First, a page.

In the European Parliament decision, the threshold for vehicles that qualify for these ‘supercredits’ is increased to 50 g/km. Also, the multiplier is increased to 1.5. The upper limit, the cap, is now defined in g/km of CO2 instead of the number of vehicles. It is set at 2.5 g/km per manufacturer. This means, assuming that all manufacturers would make full use of the supercredit option, the 2020 target would turn out to be 97.5 g/km instead of 95.0 g/km.

At the United Nations level, a new test cycle and test procedure for light-duty vehicles is under development, the so-called Worldwide harmonised Light vehicle Test Procedure (WLTP). Recent research shows that the ‘real-world’ CO2 emissions from new cars in the EU are about 20 per cent higher than suggested by test cycle values. It is expected that the WLTP will fix some of the problems with the current test procedure and provide more realistic CO2 estimates.

The European Parliament specifies that “the test procedure should if feasible be changed not later than January 1, 2017 to the WLTP and incorporated into Union law.” The Parliament also asks the European Commission to consider supplementing the WLTP by incorporating additional provisions when transferring it into EU law, if needed. In case the WLTP is not adopted by January 1 2017, the European Commission should “at the earliest opportunity”, amend the EU internal regulations to account for the actual on-road CO2 emissions of vehicles.

Finally, the European Parliament defined an indicative range of 68–78 g/km for a 2025 target. The European Commission is asked to carry out a review and impact assessment with respect to this 2025 target range and, if “duly justified,” a lower target as well. The review is to be carried out by January 1, 2017.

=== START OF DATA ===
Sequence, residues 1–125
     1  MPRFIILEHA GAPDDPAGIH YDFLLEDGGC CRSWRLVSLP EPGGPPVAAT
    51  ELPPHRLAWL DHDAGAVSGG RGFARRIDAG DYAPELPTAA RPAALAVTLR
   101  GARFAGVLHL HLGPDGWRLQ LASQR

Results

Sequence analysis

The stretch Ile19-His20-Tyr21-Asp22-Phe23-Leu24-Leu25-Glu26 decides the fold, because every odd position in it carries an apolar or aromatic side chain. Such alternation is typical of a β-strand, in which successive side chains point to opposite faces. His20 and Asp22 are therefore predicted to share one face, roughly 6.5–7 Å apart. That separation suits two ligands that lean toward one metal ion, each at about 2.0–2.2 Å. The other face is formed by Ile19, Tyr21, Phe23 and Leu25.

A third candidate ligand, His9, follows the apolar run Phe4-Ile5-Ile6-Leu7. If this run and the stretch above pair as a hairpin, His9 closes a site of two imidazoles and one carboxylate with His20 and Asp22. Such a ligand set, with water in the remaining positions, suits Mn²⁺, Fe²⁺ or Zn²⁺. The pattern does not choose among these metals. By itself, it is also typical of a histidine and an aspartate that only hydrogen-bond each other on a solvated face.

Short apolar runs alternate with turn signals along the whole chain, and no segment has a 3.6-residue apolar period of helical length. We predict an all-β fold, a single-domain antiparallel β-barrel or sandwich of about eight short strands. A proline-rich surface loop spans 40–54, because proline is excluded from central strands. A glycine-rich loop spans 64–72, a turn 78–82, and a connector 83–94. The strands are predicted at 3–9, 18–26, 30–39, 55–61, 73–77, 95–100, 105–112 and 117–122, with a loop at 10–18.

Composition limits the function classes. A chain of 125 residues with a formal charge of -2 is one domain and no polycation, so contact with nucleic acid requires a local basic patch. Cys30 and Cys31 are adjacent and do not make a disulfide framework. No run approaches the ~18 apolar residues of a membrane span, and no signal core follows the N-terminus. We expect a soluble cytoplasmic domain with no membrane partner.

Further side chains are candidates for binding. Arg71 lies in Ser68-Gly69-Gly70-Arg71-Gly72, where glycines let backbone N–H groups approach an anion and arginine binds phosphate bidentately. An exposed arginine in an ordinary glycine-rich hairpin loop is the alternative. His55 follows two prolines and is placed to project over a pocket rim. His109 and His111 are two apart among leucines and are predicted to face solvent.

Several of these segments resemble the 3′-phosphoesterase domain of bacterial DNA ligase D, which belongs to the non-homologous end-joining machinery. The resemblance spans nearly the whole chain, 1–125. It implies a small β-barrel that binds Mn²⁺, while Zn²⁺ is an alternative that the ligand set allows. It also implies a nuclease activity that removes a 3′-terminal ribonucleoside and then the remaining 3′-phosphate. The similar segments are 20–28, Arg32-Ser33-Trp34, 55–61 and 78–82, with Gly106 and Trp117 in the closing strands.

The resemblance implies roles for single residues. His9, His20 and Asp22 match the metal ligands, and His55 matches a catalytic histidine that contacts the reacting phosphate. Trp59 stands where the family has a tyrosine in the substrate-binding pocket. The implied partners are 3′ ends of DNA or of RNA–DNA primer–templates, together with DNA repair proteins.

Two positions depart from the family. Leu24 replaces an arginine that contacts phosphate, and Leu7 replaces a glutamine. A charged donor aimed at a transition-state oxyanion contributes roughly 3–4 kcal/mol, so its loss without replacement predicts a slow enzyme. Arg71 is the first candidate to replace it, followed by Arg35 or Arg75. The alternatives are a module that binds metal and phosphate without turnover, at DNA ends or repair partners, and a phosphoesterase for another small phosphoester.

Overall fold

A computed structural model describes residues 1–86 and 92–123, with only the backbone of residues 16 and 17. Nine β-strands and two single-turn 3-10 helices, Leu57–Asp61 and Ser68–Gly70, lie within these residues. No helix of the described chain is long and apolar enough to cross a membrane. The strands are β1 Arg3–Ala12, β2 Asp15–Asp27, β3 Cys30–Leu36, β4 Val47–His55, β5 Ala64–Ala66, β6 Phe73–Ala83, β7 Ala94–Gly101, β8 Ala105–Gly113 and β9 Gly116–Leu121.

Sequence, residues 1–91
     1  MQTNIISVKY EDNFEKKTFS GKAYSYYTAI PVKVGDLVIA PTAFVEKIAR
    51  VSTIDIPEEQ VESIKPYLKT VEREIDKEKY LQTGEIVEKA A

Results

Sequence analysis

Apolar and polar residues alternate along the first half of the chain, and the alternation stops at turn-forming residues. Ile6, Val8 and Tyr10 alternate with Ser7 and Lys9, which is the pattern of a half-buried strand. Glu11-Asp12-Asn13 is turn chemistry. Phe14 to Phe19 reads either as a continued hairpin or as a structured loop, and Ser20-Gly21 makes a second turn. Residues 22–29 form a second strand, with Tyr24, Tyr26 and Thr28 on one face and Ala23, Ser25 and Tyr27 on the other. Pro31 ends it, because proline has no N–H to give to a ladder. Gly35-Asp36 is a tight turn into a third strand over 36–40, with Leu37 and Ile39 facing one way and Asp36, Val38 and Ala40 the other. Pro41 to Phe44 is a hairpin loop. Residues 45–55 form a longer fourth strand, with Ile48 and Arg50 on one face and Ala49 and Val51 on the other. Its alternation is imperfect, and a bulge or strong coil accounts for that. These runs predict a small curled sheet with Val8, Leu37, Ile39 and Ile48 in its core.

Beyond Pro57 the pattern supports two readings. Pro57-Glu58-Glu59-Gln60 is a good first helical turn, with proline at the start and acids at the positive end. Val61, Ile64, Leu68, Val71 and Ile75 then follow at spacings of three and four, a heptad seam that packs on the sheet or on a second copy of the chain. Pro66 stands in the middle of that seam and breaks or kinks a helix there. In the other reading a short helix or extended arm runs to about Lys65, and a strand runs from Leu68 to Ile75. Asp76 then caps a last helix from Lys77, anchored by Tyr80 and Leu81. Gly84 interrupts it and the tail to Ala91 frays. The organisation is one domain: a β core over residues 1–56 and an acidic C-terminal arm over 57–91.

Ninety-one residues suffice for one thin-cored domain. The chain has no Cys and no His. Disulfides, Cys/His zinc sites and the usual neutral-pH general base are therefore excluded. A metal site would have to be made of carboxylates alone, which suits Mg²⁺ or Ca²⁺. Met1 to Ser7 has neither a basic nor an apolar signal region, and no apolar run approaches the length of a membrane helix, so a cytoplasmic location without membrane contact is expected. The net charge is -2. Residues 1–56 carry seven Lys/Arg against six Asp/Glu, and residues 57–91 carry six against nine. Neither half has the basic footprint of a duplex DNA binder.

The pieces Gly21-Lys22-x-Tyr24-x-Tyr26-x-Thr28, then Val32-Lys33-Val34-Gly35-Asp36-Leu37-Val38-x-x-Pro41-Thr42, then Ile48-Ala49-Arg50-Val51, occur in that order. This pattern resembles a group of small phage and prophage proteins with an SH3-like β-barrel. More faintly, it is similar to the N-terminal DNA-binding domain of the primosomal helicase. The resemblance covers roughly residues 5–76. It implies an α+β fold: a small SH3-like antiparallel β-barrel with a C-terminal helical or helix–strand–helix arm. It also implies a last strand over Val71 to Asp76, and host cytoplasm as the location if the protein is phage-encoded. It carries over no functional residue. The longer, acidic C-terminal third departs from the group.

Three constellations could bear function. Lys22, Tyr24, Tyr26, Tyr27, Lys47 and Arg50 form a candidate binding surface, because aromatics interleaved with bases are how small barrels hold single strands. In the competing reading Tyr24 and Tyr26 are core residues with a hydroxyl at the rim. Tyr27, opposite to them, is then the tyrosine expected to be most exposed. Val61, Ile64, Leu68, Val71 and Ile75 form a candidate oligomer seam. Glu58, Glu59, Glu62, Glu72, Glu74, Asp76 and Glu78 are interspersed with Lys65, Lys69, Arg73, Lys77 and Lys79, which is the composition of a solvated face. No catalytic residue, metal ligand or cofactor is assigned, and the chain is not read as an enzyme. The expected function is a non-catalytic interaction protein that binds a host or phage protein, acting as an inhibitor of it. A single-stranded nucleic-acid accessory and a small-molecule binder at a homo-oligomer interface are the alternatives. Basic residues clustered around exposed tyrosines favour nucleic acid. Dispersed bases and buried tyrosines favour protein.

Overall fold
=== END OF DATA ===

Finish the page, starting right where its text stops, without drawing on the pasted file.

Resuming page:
As a next step, the European Parliament and the Council of Ministers must negotiate the final regulatory wording. It is therefore possible that some details might still change. At the moment it seems likely that an agreement will be reached fairly soon, probably before July 2013. As soon as this happens, ICCT will summarise the regulatory details.

It should also be noted that, in parallel to the CO2 regulation for cars, a similar regulation for light-commercial vehicles is under discussion. The current proposal would set a 2020 CO2 target for light-commercial vehicles at 147 g/km. The Environment Committee of the European Parliament will vote on this issue on May 7, and the ICCT will summarise the outcomes as soon as the Parliament has reached a common position.

More details, including elements of the proposal not discussed here, can be found in European Parliament document A7-0151/2013, here.

Comments from various stakeholders on the European Parliament vote: ACEA (manufacturers’ association), T&E (umbrella organization of environmental NGOs), BEUC (consumers’ association), FIA (car clubs’ association), Greenpeace.

This article was originally published by the International Council on Clean Transportation (ICCT). Republished with permission.